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Definition of Epidermolysis Bullosa
Epidermolysis Bullosa – The collective term for a group of inherited skin disorders that result in blisterlike formations (bullae) on the skin. Severity can range from mild (a few bullae) to debilitating (bullae covering large areas of the body). Dermatologists classify epidermolysis bullosa according to the layer of the skin where the bullae originate.
There are Three General Types
- Epidermolysis bullosa simplex involves the epidermis, the skin’s outermost layer, and usually results from an autosomal dominance inheritance pattern for the gene that encodes keratin production.
- Junctional epidermolysis bullosa involves the basement membrane, a thin layer of cells that separates the epidermis and the dermis, and usually results from an autosomal recessive inheritance pattern for the gene that encodes protein structures which connect the epidermis and dermis through the basement membrane.
- Dystrophic epidermolysis bullosa involves the basement membrane as well, occurring in either an autosomal dominance or a recessive inheritance pattern for the gene that encodes collagen formation.
In all types, bullae form with friction or irritation to the skin. In the junctional and dystrophic types, this includes the mucous membranes of the gastrointestinal and genitourinary tracts. Healed bullae typically leave scars. The severity of symptoms and disease vary according to the type and, with dystrophic epidermolysis bullosa, the inheritance pattern (dominant or recessive). At present there is no cure for any type of epidermolysis bullosa.
Symptoms and Diagnostic Path
The bullae of epidermolysis bullosa are uniquely characteristic and typically begin in infancy. The skin is frail and may blister or tear upon touch or contact with clothing and bedding. The bullae of epidermolysis bullosa simplex generally affect only the palms of the hands and soles of the feet. The bullae of other types may affect mucous membranes throughout the body.
The repeated blistering and healing of junctional and dystrophic types causes scarring and tissue damage that often results in deformities. People who have junctional or dystrophic epidermolysis bullosa may also have defects of the tooth enamel and the nails, or be missing fingernails or toenails.
The diagnostic path includes examination of the entire skin surface and mucous tissues with biopsy to determine the level of tissue separation in representative bullae, which distinguishes the general type of epidermolysis bullosa. Molecular examination, including DNA mutation analysis identifies the precise type. Chorionic villi sampling (cvs) during pregnancy (removing a small tissue sample from the edge of the placenta) can identify whether the fetus has the disorder.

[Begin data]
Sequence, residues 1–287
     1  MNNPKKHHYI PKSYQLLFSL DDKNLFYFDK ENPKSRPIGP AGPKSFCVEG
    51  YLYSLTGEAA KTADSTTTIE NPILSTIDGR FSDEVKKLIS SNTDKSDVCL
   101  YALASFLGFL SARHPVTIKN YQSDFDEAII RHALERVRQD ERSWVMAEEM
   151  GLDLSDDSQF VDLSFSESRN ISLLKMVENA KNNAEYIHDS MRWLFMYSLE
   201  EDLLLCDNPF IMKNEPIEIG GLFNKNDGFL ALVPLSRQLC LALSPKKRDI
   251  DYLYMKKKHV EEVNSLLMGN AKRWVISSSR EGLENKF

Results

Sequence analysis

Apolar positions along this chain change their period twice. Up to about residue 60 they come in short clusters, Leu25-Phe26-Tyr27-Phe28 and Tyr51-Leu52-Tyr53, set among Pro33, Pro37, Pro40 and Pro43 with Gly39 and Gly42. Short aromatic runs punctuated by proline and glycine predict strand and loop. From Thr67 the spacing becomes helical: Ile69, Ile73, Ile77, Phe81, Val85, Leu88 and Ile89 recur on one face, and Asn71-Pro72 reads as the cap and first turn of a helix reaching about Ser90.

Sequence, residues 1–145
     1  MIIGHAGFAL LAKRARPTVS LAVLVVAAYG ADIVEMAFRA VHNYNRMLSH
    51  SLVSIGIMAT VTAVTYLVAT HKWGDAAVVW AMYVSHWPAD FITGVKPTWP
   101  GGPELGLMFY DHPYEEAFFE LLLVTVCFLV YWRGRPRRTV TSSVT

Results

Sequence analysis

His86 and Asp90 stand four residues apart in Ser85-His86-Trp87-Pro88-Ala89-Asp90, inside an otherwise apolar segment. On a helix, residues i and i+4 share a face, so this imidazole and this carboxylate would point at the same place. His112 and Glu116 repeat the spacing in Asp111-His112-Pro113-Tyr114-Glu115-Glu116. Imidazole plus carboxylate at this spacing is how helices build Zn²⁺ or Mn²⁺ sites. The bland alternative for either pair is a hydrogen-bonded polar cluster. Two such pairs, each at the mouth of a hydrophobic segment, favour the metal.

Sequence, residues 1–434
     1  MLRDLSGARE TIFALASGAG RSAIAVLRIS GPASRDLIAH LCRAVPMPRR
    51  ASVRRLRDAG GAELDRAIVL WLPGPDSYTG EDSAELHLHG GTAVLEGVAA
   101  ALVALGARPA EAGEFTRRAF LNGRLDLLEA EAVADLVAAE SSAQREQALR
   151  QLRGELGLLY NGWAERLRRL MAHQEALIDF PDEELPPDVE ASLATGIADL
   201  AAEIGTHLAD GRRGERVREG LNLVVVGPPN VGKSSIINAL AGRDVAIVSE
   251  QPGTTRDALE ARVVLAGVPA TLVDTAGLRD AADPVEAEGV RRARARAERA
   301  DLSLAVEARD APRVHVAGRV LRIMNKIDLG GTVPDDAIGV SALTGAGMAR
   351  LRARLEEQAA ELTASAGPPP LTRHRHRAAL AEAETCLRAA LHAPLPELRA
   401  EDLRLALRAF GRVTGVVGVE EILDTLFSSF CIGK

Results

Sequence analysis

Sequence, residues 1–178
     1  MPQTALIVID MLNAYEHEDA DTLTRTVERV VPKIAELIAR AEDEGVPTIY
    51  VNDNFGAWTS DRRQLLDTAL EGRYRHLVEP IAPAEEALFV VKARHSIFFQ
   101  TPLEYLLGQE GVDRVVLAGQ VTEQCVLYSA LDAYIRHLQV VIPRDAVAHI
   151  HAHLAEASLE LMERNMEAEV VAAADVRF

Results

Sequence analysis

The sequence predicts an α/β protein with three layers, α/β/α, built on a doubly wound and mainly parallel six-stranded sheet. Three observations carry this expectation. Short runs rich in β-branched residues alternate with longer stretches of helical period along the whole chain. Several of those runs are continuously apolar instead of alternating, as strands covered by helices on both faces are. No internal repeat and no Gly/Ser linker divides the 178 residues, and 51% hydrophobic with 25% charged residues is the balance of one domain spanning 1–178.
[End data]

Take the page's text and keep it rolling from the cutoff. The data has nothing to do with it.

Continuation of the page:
Treatment Options and Outlook
Treatment attempts to minimize or prevent bullae formation, heal bullae that do form, and provide necessary supportive care such as parenteral nutrition. Healing mechanisms are often impaired, and ruptured bullae and related tissue damage can leave tissues exposed. Burn therapies such as artificial skin can provide a temporary covering to improve healing. Support groups offer forums for sharing experiences and coping methods.
People who have mild forms of disease may experience few bullae or complications and be able to enjoy fully active lives. More severe forms are debilitating or fatal. It is important though difficult to prevent ruptured bullae from becoming infected. Nutritional deficiencies are common when bullae form along the gastrointestinal mucosa, which may interfere with swallowing (bullae that form in the esophagus) or absorption (bullae that form in the small intestine).
The risk for squamous cell skin cancer is very high among people who have junctional epidermolysis bullosa, with first appearance often in late adolescence. Dermatologists advise frequent skin self-examinations and regular skin examinations by a dermatologist who has clinical experience with epidermolysis bullosa.
Risk Factors and Preventive Measures
Epidermolysis bullosa is a genetic disorder, so the primary risk factor is a family history of the condition. In autosomal recessive inheritance patterns, it is possible for each parent to carry the gene defect yet show no indications of disease or to have a mild form and not realize it. Genetic testing can help families detect the presence of the gene mutation, and genetic counseling can help couples in making family-planning decisions. Researchers continue to explore gene therapy solutions.
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